Orange County transit officials voted Monday to eliminate predawn bus service at the end of the year, apparently signaling an end to a program designed to help graveyard shift and low-wage workers get home.
The change is part of a general budget-cutting move that will result in reduced bus service throughout the county.
The Orange County Transportation Authority is facing severe budget problems and needs to make up for a $33-million shortfall in the coming year's budget, officials said.
OCTA has already laid off bus drivers, raised fares to $1.50 from $1.25 for a single ride and cut service hours on several lines.
The agency spared the Night Owl service for a few months past an originally proposed date, but directors said it was a temporary reprieve.
OCTA directors Cathy Green and John Moorlach voted against the proposal.
The approved cuts also reduce the frequency on dozens of bus routes, affecting tens of thousands of riders, and directors instructed staff to return in 30 days with proposals for cutting an additional 300,000 service hours.
Staff will also look at the possibility of preserving a reduced version of the Night Owl service, officials said.
The approved cuts were the first in a round of cuts that will total about 400,000 service hours.
More than a dozen bus riders spoke at the meeting, with several asking board members to preserve the Night Owl lines and the first and last buses of any route, even if it meant decreasing the frequency of buses during the day.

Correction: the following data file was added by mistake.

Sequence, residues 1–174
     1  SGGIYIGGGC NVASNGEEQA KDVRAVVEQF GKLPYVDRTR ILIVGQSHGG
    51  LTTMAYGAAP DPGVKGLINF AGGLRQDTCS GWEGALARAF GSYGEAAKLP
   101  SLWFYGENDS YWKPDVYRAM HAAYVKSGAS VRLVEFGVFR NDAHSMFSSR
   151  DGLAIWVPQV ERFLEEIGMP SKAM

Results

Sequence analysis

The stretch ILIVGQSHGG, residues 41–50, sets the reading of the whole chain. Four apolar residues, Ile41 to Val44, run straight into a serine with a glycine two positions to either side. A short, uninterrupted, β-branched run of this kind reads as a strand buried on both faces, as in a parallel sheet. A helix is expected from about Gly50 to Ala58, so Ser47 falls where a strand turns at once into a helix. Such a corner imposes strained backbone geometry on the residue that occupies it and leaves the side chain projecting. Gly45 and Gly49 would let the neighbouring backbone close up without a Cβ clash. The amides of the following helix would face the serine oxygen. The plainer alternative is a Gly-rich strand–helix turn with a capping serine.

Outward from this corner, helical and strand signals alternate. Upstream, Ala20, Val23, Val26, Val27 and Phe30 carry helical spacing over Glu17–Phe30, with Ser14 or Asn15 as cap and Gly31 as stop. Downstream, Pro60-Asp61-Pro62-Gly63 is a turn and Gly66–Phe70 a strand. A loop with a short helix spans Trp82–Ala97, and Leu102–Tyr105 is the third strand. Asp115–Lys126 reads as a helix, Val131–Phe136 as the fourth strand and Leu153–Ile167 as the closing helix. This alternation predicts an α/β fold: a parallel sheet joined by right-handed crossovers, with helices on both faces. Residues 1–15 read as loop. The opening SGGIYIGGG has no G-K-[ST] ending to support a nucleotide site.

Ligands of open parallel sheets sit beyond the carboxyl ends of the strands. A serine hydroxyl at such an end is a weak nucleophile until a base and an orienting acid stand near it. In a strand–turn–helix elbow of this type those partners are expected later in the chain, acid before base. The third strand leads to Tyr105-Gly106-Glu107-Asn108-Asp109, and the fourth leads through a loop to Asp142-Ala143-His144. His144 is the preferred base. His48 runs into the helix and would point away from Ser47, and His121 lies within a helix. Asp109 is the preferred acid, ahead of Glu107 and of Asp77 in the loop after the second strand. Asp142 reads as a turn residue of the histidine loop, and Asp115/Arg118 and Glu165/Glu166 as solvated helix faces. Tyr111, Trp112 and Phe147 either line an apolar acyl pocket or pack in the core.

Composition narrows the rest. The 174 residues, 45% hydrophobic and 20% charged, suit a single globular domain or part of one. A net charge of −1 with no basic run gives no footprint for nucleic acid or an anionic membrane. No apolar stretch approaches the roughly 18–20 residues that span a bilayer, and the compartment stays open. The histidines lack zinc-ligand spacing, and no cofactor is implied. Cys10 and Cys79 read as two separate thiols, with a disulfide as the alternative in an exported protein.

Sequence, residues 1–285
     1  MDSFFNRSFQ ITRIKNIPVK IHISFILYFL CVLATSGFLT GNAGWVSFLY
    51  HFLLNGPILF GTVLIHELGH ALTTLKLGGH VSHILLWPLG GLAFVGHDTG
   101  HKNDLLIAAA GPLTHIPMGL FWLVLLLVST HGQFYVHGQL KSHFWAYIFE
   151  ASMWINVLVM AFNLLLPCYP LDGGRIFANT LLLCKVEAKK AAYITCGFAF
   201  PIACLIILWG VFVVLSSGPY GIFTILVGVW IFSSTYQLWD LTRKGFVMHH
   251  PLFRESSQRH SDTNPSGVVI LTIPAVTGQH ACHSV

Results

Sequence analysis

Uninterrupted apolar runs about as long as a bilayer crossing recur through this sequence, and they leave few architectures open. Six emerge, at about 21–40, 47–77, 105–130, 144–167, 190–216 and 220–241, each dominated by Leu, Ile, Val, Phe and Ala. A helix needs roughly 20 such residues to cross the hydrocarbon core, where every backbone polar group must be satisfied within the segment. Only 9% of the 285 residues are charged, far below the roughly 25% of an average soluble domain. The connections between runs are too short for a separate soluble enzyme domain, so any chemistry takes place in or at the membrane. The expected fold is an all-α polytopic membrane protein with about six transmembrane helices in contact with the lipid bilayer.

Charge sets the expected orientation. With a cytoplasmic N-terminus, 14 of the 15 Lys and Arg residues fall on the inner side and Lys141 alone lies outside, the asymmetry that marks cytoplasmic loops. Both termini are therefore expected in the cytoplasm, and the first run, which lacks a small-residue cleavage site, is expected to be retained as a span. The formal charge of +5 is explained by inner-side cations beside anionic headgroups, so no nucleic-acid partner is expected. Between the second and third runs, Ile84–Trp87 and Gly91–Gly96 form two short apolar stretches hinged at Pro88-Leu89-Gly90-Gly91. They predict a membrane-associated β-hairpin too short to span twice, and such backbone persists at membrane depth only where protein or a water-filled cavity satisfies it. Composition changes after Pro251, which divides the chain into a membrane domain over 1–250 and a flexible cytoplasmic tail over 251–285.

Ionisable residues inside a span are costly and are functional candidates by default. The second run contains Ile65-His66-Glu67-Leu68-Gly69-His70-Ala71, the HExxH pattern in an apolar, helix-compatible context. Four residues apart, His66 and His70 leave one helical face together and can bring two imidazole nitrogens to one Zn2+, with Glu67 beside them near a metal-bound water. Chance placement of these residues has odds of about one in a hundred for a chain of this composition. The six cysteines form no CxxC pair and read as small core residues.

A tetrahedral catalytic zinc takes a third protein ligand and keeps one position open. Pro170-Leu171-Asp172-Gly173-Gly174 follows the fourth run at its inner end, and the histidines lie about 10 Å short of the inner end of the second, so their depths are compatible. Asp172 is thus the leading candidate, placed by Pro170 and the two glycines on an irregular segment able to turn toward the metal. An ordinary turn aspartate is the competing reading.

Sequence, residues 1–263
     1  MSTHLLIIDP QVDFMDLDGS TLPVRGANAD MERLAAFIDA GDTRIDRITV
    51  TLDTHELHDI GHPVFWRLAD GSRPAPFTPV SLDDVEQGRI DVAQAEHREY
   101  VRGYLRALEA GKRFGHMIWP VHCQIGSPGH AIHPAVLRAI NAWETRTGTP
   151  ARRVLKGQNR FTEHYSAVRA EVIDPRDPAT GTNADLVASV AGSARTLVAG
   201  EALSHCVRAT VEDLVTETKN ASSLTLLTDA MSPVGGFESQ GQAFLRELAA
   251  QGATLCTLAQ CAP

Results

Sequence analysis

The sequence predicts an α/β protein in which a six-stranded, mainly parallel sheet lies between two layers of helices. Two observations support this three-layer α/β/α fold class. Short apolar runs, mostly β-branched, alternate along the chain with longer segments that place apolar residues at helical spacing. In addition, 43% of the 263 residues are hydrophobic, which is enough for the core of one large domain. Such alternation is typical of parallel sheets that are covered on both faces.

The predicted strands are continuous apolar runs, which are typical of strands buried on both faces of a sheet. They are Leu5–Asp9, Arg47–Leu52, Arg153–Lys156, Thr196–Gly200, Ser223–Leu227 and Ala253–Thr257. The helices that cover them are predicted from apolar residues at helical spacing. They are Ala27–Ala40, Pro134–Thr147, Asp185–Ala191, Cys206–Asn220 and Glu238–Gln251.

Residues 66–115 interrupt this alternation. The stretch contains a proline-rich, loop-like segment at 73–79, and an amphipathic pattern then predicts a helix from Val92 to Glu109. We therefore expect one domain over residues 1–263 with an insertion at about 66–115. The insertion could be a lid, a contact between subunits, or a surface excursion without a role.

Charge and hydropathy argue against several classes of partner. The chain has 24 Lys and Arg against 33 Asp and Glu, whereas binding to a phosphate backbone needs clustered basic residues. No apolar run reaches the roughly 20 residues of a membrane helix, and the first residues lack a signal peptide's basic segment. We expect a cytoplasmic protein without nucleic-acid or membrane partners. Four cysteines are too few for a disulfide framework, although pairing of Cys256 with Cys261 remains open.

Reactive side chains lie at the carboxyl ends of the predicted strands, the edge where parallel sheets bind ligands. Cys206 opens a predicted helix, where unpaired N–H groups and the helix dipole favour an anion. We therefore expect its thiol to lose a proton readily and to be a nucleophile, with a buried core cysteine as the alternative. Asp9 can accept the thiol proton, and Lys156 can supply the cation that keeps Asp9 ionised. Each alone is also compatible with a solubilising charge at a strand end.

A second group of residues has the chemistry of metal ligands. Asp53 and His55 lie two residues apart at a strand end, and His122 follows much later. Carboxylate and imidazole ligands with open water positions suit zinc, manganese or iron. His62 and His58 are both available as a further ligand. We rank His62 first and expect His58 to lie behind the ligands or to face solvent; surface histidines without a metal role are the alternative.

Although cutting the frequency of buses causes inconvenience, preserving first and last buses lets workers and students who don't have other options in the early morning and late-night hours continue their activities, said Nidia Baker, 31, a senior at Cal State Fullerton.
Reducing buses could be devastating to people with jobs that start or end at those hours, she said.
People who ride the bus "don't have the type of jobs where we can make adjustments to our schedules," she said.
"We have the type of jobs people are waiting in line to take," she said.
Directors asked staff to look for ways to preserve first and last buses on routes that have at least eight riders during those hours.
The Night Owl service, which serves hundreds of riders a day on lines that cut through the heart of the county, was introduced nearly seven years ago to help graveyard shift workers who often found themselves scrambling to get home.
The approved cuts are "really going to create a hardship for people who are already dealing with a lot of hardships in trying to maintain a decent quality of life," said Anthony Kiminas, a Ladera Ranch resident who spoke at the meeting.